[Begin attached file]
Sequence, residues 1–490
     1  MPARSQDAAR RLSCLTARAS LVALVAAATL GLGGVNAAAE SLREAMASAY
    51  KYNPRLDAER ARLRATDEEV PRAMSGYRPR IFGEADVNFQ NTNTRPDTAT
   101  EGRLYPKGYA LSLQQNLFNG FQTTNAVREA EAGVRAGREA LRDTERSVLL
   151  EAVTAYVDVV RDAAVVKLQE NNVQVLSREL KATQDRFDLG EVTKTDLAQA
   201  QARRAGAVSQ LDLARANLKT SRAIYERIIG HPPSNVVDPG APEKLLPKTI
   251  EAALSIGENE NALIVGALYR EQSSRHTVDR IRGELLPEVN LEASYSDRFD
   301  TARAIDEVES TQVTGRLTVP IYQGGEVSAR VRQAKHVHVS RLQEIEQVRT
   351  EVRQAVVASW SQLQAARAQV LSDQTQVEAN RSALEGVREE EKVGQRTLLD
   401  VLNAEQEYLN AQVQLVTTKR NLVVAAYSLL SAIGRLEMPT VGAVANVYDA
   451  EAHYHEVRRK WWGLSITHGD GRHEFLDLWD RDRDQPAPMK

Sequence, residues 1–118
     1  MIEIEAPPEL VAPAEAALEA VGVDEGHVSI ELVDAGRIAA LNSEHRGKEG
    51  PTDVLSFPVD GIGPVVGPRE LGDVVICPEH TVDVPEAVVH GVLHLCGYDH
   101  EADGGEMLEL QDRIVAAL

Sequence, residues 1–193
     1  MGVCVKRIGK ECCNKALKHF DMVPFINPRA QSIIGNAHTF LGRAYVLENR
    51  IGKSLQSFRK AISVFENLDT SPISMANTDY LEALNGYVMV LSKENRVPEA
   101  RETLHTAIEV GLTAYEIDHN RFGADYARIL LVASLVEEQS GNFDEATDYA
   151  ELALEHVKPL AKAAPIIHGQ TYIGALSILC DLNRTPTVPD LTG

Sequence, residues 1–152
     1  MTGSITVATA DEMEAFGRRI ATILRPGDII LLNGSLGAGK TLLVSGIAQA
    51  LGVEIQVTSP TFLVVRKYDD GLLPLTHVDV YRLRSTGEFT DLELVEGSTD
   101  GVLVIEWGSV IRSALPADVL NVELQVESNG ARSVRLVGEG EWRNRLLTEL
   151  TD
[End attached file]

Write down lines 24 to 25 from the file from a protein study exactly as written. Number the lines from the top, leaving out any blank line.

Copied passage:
   101  GVLVIEWGSV IRSALPADVL NVELQVESNG ARSVRLVGEG EWRNRLLTEL
   151  TD